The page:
Mentalization is a therapeutic approach that has been shown to help people suffering from borderline personality disorder (BPD). Furthermore, mentalization-based therapy (MBT) is also helpful in treating both teens and adults for post-traumatic stress disorder, depression, and eating disorders.

What Is Mentalization?

Mentalization-based therapy helps a person identify and understand their emotions and the emotional responses of others. Thus, mentalizing refers to the intuitive process that reflects one’s autonomous sense of self. In other words, mentalization helps a person consciously perceive and understand their inner world. Furthermore, MBT therapy can help an individual foster positive connections with others by developing appropriate social skills.

Mentalization is effective with hard-to-treat borderline personality disorders because people with BPD cannot picture and understand their autonomous selves. Therefore, this lack of personality definition leads to a sense of emptiness, over-attachment to others, and difficulty empathizing or even recognizing the inner lives of other people. However, through MBT therapy, people with challenging mental conditions can access long-term recovery.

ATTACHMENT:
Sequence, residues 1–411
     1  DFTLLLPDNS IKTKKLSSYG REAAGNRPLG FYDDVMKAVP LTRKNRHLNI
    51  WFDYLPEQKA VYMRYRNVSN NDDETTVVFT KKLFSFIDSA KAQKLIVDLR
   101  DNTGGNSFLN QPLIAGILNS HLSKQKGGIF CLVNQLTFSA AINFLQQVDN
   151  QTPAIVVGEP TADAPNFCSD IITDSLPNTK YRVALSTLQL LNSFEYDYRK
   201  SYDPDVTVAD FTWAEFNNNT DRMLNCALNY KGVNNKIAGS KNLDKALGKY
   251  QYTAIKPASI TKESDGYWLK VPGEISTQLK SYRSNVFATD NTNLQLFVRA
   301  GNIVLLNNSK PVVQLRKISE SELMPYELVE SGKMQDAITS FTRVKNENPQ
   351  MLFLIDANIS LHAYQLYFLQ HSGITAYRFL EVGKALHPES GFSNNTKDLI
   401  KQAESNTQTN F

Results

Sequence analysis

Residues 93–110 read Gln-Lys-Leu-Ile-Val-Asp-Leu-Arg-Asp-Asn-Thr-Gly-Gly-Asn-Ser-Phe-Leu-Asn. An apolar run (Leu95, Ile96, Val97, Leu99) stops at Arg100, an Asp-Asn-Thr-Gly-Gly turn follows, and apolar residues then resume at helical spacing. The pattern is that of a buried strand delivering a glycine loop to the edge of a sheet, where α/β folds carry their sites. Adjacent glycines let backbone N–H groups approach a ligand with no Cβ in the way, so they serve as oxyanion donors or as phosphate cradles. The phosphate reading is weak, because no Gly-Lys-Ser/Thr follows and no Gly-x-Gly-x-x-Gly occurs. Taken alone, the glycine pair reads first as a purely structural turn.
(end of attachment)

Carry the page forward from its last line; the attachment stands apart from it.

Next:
The process of mentalizing through MBT therapy is informed by psychodynamic therapy, which raises awareness of unconscious processes, and motivational interviewing, which empowers the individual. Additionally, MBT therapy and the term “mentalization” originated at the Ecole Psychosomatique de Paris in the 1970s. Originally, MBT therapy was developed to address and repair attachment-related childhood trauma. As a result, mentalization is often helpful for younger populations.

Sources: World Psychiatric Association (NLM-NIH)Substance Abuse and Mental Health Services AdministrationNational Alliance on Mental Illness